Most fans allude to this album as Led Zeppelin IV. Even we labeled as it Led Zeppelin IV on our Led Zeppelin Albums Covers list. The truth of that matter is the album has no title. It’s simply their fourth album. Why did the album have no title, well because Jimmy Page once said just before the release of their fourth album,”Names, titles and things like that do not mean a thing.”
Now we know old time Led Zeppelin fans are just laughing at this discussion as being a bit trivial. However, this is a history website and there are many young fans who need to be educated properly about one of the most important albums in rock and roll history….LED ZEPPELIN IV
Now as far as the cover goes. Robert Plant explained the meaning behind the cover It represented the change in the balance which was going on. There was the old countryman and the blocks of flats being knocked down. It was just a way of saying that we should look after the earth, not rape and pillage it.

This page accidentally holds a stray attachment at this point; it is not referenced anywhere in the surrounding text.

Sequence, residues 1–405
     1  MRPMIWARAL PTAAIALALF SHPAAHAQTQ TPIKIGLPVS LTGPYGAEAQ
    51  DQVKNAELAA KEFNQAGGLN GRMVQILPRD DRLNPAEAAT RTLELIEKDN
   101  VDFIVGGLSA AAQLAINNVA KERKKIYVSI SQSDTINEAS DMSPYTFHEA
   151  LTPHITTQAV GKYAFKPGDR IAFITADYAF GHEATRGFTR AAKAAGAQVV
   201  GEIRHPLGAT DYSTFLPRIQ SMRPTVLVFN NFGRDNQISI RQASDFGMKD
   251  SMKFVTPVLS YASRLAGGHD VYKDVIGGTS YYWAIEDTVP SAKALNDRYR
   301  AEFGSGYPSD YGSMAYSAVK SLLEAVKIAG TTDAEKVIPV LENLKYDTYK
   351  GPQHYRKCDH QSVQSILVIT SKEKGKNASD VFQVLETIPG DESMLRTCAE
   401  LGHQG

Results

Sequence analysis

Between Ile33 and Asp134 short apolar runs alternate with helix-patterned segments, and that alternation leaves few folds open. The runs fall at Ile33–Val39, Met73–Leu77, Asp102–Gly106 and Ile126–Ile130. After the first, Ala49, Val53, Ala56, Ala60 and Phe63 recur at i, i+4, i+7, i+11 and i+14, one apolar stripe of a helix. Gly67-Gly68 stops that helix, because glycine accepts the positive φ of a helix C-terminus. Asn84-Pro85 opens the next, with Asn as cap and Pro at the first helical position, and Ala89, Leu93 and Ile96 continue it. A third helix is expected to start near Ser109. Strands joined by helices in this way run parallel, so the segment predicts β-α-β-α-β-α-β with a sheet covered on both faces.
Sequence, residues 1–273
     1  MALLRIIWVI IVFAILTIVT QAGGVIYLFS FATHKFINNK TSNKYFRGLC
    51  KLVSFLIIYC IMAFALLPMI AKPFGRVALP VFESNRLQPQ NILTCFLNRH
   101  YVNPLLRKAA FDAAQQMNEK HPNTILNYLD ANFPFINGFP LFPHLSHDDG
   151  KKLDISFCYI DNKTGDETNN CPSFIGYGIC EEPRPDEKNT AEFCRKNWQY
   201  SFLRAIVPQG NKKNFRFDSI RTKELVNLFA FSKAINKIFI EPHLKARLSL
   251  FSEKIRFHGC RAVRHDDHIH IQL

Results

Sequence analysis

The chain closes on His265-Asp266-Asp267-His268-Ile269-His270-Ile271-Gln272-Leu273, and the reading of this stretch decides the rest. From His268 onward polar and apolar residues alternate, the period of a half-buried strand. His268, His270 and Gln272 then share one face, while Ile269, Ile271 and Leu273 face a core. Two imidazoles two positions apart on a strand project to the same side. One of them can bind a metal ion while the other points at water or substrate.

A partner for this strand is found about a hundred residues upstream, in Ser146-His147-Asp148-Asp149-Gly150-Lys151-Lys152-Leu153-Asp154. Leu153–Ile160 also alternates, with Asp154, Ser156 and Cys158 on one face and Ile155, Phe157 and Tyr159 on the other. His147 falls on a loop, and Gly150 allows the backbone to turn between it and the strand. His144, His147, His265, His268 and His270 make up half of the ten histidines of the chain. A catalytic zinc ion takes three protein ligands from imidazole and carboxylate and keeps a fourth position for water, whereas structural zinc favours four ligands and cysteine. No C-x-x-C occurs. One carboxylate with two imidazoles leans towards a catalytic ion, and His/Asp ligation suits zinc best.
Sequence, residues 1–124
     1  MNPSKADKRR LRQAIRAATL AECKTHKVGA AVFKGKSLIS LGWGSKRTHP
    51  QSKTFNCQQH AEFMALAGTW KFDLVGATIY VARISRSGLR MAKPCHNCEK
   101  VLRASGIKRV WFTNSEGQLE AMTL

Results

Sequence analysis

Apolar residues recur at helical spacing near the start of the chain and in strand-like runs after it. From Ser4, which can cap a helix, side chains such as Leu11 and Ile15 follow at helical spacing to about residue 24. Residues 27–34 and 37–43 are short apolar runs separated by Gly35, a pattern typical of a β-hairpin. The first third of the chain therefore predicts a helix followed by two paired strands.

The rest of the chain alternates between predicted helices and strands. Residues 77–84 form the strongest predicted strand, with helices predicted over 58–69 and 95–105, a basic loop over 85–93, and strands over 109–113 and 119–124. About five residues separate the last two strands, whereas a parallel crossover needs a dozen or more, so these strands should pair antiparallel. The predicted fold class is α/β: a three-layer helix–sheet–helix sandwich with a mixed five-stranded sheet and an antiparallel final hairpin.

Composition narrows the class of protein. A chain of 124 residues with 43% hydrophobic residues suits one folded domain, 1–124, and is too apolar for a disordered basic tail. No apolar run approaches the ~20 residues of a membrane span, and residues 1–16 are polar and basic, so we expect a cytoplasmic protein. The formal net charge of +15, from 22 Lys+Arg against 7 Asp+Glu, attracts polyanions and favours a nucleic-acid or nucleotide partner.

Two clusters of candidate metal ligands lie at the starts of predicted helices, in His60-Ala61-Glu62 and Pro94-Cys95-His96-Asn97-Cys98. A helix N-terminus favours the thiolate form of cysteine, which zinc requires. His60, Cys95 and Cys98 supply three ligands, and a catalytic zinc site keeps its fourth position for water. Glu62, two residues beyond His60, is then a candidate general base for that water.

1.Dave Schulps, Interview with Jimmy Page, Trouser Press, October 1977.
# 2 – Led Zeppelin III
If you purchased Led Zeppelin III in the early to mid-seventies chances are you secured a copy with the pinwheel. And that in essence is what made this album score so high on our Top 10 Led Zeppelin Album Covers list. The cover was designed by Richard Drew who was also known as the artist Zacron. The man was known as an innovator in graphic techniques. What else can we say about this cover? It’s a pinwheel, it makes you happy, and it’s fun to play with while listening to the Immigrant Song.